Simon Maidment and Mark Feary talk with Danius Kesminas
Published in cac interviu, issue 9-10 / 2008 spring – summer.
Danius Kesminas is an Australian-Lithuanian artist who regularly uses musical forms as a process for engaging his concerns, including the visual arts industry, critiquing its reverence, seriousness and earnestness. To this end, the musicality within Kesminas’ practice is a tactic for collaboration into uncharted territories, rather than an endpoint in itself. His practice, often intentionally provocative, gives rise to discussion around authorship and cultural mythologies.
We held an informal discussion with Kesminas at West Space (4 April 2008), a contemporary art organisation in Melbourne we are both involved with, to tease out some of his strategies. Among the projects we discussed was Slave Pianos, a group consisting of two contemporary artists (of which Kesminas is one) and two composers/musicians, who create ambitious events combining installation, music and performance. Their subject matter is usually art figures and movements in recent (20th Century) art history. Kesminas also initiated an art project and band in Yogyakata with 7 Indonesian musicians in 2006. Their name Punkasila references both the cultural movement of Punk, and Pancasila, the official philosophical doctrine of the Indonesian state, as espoused by President Soekarno in 1945. This art-performance-installation-band is a high energy, anarchic hybrid that manifests in a unique blend of traditional Indonesian crafts, homemade military band outfits, machine gun guitars, and post-disaster rock with lyrics that give voice to the cacophony of acronyms constituting the Indonesian body politic. Kesminas is also a founder of the art/music group The Histrionics, which melds the musicality of a banal pub-rock covers band with refashioned lyrics critiquing the cannons of twentieth century art history.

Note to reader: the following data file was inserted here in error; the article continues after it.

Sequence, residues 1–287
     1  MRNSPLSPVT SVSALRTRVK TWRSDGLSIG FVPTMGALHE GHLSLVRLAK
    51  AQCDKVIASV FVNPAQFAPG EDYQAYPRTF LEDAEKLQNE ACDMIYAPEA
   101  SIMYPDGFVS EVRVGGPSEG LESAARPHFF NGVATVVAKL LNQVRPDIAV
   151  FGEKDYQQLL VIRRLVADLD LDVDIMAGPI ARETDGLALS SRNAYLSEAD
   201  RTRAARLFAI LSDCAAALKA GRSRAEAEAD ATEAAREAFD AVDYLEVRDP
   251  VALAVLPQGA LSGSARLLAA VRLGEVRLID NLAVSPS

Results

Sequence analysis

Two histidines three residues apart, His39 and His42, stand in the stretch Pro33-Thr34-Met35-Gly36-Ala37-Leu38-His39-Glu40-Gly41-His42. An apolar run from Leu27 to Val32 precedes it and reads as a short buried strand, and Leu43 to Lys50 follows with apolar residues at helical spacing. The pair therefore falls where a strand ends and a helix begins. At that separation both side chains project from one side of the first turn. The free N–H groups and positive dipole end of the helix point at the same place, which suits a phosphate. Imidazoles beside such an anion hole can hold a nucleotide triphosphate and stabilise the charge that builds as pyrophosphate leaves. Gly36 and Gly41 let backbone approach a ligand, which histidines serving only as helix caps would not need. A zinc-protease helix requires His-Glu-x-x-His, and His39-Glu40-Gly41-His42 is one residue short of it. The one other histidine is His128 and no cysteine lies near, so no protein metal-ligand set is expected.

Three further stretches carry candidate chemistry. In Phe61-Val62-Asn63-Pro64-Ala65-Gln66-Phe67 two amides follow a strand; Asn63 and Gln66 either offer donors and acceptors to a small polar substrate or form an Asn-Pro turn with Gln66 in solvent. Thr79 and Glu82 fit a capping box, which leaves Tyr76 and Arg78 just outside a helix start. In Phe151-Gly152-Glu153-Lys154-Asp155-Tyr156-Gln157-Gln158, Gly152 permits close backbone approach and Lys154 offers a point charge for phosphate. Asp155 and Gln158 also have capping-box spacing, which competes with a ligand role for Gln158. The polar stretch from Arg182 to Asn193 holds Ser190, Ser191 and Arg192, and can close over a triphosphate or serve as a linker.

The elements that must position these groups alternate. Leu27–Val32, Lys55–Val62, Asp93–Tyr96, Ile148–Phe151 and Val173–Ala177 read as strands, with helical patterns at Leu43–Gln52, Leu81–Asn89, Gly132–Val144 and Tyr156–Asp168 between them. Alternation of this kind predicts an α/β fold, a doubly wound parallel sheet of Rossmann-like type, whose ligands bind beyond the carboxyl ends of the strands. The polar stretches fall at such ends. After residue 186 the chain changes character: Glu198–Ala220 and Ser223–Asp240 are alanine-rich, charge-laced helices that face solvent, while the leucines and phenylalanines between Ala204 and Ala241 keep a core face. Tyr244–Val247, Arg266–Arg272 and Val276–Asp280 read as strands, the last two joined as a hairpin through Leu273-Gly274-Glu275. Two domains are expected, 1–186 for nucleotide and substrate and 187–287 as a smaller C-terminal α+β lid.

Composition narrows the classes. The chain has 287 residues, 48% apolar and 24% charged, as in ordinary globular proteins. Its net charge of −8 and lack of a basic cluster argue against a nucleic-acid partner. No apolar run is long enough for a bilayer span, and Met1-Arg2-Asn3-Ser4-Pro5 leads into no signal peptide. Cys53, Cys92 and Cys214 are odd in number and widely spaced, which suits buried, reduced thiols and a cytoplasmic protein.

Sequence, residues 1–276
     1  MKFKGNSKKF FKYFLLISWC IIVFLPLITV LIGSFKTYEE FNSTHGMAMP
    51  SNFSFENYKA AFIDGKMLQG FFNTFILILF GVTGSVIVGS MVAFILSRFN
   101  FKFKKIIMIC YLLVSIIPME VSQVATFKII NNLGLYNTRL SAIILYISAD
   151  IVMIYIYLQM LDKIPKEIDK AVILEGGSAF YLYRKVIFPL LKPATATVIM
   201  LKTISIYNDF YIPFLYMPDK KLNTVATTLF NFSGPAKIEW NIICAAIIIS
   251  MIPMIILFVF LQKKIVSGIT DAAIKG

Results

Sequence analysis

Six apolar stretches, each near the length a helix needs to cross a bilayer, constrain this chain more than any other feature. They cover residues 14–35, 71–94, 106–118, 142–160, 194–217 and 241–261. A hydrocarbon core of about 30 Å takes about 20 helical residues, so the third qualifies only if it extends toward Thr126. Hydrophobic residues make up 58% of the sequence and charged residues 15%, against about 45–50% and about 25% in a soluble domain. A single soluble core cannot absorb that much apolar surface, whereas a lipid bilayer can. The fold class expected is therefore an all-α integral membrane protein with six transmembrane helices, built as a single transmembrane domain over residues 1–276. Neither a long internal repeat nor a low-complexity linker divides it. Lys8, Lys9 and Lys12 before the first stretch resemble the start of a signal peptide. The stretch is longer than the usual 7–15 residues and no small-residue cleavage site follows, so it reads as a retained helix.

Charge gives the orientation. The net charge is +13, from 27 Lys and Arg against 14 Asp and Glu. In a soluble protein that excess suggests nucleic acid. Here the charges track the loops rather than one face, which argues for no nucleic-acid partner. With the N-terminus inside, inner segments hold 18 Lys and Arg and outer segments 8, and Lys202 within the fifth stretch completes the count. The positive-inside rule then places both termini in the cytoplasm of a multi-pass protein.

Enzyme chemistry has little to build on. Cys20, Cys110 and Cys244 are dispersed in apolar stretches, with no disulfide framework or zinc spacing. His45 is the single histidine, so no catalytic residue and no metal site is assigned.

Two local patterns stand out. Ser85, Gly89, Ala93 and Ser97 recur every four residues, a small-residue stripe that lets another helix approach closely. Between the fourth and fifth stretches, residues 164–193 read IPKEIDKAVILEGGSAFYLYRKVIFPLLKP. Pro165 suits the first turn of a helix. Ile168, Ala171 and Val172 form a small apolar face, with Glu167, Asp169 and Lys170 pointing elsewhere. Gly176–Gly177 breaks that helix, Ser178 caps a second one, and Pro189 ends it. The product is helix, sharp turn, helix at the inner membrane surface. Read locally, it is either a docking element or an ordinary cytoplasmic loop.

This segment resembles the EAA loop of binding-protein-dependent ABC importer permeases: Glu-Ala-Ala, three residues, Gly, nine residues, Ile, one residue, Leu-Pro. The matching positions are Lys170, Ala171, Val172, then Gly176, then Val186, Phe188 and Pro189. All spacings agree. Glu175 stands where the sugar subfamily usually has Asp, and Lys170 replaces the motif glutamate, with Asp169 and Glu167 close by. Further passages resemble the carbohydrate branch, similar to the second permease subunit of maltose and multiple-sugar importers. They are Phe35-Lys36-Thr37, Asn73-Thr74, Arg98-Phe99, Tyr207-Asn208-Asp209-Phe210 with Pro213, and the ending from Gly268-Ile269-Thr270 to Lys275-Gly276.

Mark Feary and Simon Maidment, 2008
Simon Maidment: By way of introduction to your practice Danius, I’d like to begin with the provocations and interventions that you’ve undertaken, often with artists or the art world as their focus or subject. It seems to me these provocations have evolved a good deal, and are taking a particular form recently in the international collaborations you’ve initiated in Indonesia, China and Cambodia. To give some context for that development though, perhaps you’d like to start by giving us an example of a local intervention that you’ve done here in Australia.
Danius Kesminas: Well, one of those was the whole Domenico de Clario episode. [de Clario is a Melbourne-based contemporary artist] It was about 1998 when Maudie Palmer curated an exhibition called ‘Remanence’ at the old Magistrates’ Court, with Dom, Marina Ambramovic, Daniel Buren, Cai Guo-Qiang, Dennis Oppenheim, Imants Tillers and others for the Melbourne
Festival. Dom’s show was a grand piano and accoutrements in one of the courtrooms with tiered seating, and he would perform between 12 noon – 7pm, daily for 2 weeks. Well, Michael Stevenson [a New Zealand born artist, also a member of Slave Pianos] and I, we were onto it, we thought let’s secretly record it, and make pirate copies, bootleg it! It was so easy to do, because guess what, Dom’s blindfolded! He can’t see anything! We were on shifts, I’m on one day and Michael’s on the next day. A big part of Dom’s practice is endurance, but get this, he’s not there at 12… I’m there at 12, Michael’s there at 12, there’s no Dom! Well he walks in with his café latte about 1:30, and I’m having to [jumps under table] get down hiding under the seats! [laughs] Anyway, we recorded 7 different days onto cassette and packaged it as ‘Domenico de Clario; Live at the Former Magistrates’ Court’, and made an elaborately produced box set, like we’ve done with Slave Pianos, and we made it available for sale at Readings Book Store in Carlton! And we put this ridiculous price on, like $100, so you know no one’s going to buy it, but it’s on display! Anyway, I just let it go, went overseas to do some project, and the next thing you know, my old man’s ringing up, saying, ‘Danius, there’s a letter here from a solicitor’. So I’m being sued…